Slovenia will keep its leader. But the Czechs and Austrians have elected new heads of state. However, in Germany the result is more complicated because of its election process.
Technically speaking, voters in Germany decide who will represent them in the lower house of parliament, the Bundestag; and the first job of the newly elected individuals is to elect a chancellor. But in reality, the party with the most votes, usually determines who leads the nation for the next four years. Typically, the party’s leader is selected. But there’s more.
A half dozen or more parties may be attempting to woo the voter. If the leading party does not receive a majority of the votes, as regularly is the case, the head of the party tries to strike a deal with at least one other party. The idea is that together the coalition forms a majority and then can successfully govern.
If no coalition can be formed, another vote, referred to as a snap election, may be scheduled. The only other option left is to attempt to try governing as a minority, or lame duck administration, using the British sense of the term.
Rough Going for CDU
Nearly two months ago Chancellor Angela Merkel’s political party, the CDU/CSD bloc, won the most seats in the parliament but not a majority of them. Her previous coalition partner again won the next largest number of seats but chose not to be the junior partner in a new coalition. So after the election the incumbent chancellor and CDU sought to form one with two other parties.
Those two smaller parties, the Greens and the FTP, held polar opposite views from each other and negotiations were contentious.
Agreement could not be reached by the self-imposed deadline of Friday the 17th of November, especially on the topic of migration, therefore, the deadline was extended until Sunday. But, according to DW’s news site, they completely collapsed after the FTP walked out.
If a snap election is called, one DW TV newscaster questioned last week whether Chancellor Merkel would have a fourth term after all. And that’s not the only thing potentially subject to change.
Der Spiegel had published a pre-election article in its September 9, 2017 issue titled, “AfD Sets its Sights on German Parliament”. Its article stated,
“Germany now finds itself faced with a historic turning point. On Sept. 24, it looks as though a party that has racist and nationalist tendencies will win seats in the Bundestag. … And the party won’t just change the face of the German parliament, but likely also its culture of political debate.”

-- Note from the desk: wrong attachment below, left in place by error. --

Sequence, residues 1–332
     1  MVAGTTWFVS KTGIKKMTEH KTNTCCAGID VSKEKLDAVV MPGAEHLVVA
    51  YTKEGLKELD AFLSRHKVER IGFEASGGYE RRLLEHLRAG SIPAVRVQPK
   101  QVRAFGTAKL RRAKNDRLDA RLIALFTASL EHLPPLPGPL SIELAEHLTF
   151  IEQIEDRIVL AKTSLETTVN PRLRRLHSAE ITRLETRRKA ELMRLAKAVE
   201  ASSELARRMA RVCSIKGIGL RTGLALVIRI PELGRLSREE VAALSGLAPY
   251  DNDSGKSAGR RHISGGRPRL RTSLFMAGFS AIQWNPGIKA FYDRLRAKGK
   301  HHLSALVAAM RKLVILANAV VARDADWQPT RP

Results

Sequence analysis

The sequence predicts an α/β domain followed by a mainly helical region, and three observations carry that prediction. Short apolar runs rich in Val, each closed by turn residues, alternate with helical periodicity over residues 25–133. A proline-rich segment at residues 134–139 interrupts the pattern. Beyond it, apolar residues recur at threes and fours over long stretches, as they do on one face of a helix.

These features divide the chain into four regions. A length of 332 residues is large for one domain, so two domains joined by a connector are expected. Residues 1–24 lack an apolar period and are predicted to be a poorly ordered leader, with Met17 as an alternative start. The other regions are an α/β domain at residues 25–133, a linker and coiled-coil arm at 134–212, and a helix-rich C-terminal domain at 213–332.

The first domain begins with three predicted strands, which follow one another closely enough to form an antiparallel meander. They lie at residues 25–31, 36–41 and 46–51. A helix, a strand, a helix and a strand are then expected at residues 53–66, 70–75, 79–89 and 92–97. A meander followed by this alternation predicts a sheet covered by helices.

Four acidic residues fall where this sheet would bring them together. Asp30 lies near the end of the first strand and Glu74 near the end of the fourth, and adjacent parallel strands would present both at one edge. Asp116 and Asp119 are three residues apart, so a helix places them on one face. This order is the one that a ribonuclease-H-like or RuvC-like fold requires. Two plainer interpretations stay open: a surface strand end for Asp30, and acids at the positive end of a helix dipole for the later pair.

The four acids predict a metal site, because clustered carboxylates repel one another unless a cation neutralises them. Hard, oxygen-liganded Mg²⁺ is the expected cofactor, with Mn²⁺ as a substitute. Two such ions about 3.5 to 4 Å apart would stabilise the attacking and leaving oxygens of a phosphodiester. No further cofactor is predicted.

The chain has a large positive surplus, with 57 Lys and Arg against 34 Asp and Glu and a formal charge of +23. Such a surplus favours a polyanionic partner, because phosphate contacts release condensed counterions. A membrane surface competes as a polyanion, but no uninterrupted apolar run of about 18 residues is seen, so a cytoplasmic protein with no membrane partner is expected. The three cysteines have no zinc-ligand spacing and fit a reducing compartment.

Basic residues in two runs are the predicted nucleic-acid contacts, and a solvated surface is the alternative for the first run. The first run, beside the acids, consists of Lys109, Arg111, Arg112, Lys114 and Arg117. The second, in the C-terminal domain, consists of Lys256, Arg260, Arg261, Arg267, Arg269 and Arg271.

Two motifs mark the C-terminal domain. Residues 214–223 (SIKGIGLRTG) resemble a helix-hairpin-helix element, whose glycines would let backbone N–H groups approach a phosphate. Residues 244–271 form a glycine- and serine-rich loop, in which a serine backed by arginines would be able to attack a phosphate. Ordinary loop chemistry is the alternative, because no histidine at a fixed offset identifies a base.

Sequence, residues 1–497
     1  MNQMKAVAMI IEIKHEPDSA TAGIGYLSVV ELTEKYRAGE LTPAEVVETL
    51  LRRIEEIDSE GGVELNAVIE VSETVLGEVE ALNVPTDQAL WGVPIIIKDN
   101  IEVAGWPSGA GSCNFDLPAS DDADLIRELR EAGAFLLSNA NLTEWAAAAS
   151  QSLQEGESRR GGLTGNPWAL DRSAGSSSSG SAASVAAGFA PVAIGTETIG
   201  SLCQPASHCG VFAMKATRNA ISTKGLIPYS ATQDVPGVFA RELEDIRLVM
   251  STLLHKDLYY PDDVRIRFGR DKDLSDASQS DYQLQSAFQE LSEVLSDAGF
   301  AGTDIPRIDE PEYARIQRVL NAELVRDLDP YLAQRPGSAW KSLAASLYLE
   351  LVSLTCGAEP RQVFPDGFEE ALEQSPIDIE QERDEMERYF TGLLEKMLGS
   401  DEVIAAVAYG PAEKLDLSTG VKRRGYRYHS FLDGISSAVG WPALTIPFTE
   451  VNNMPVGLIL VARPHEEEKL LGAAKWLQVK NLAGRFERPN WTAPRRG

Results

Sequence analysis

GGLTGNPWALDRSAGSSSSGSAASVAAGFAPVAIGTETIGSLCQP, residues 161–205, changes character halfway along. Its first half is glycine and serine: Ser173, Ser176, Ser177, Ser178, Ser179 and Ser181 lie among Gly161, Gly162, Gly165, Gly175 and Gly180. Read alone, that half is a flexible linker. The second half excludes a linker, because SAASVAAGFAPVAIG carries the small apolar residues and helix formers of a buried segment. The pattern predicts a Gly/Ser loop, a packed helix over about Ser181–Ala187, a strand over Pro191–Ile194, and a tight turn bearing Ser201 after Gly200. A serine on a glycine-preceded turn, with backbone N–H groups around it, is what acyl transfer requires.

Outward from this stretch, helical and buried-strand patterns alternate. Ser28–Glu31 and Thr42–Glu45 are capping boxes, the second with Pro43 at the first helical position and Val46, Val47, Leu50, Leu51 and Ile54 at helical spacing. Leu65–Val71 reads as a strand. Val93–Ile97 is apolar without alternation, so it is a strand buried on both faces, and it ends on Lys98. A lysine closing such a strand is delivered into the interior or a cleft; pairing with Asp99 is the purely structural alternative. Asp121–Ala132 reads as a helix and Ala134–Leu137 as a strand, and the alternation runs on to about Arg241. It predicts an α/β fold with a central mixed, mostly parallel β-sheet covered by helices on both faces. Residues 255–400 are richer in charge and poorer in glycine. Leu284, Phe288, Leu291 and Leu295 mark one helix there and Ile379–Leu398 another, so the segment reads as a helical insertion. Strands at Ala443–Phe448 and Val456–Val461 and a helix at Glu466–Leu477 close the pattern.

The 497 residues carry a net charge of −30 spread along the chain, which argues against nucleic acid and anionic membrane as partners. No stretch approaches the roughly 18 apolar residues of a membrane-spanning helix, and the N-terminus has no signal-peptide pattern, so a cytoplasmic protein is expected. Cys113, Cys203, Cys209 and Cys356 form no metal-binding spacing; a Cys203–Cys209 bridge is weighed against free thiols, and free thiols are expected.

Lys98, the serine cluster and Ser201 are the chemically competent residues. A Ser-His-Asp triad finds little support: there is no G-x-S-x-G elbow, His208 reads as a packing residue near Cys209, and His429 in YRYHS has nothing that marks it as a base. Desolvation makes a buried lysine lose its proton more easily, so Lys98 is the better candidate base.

AfD became the 3rd biggest party; it won over 90 seats. The DW TV newscaster said with a new election AfD could gain more.
No Joy in Paris
What happens next in Germany will affect others as well.
French President Macron hitched his goal of a fiscally integrated EU core to Chancellor Merkel being able to steer Germany in a similar direction. A September 26, 2017 DW article titled, “Macron: more Europe, please” pointed out the two governments did not agree on some things. However,
“In August, Merkel backed Macron’s call for a new powerful eurozone finance minister post to oversee economic policy across the bloc. She said the new role could provide “greater coherence” to economic policy. “
The DW article,“Macron’s eurozone plans put eastern EU members on the spot”, posted on September 28, 2017, indicated that President Macron’s cause was not helped by the outcome of the 2017 German Federal election. It reported that,
“German Chancellor Angela Merkel has said … she will likely be obliged to taper her government’s policies to meet the demands of her most probable coalition partners, in particular the liberal Free Democrats (FDP), a party that has been largely critical of the French president’s ideas on Europe.”
Since those coalition talks have failed, another way forward must be found. DW wrote on November 19, 2017 that the Chancellor could try to form a minority government with the Greens party or try to convince the SPD to reconsider. Otherwise, DW thought a snap election would be “the only viable solution”.
In a re-vote, perhaps some CDU-CDS voters would switch to the central left SPD. They could view a chance of the central right CDU possibly becoming SPD’s junior partner as the least objectionable option left. Indeed, maybe something like that was SPD’s post-election strategy all along. Others think a good number of voters would choose instead to swing significantly further to the right.
The DW TV newscaster concluded his comments about the coalition talks by saying what many were thinking,
“Much is at stake.”
Photo Credits: Chancellor by Savas Savidis, License: CC BY-NC-SA 2.0; AfD by strassenstriche.net, License: CC BY-NC 2.0.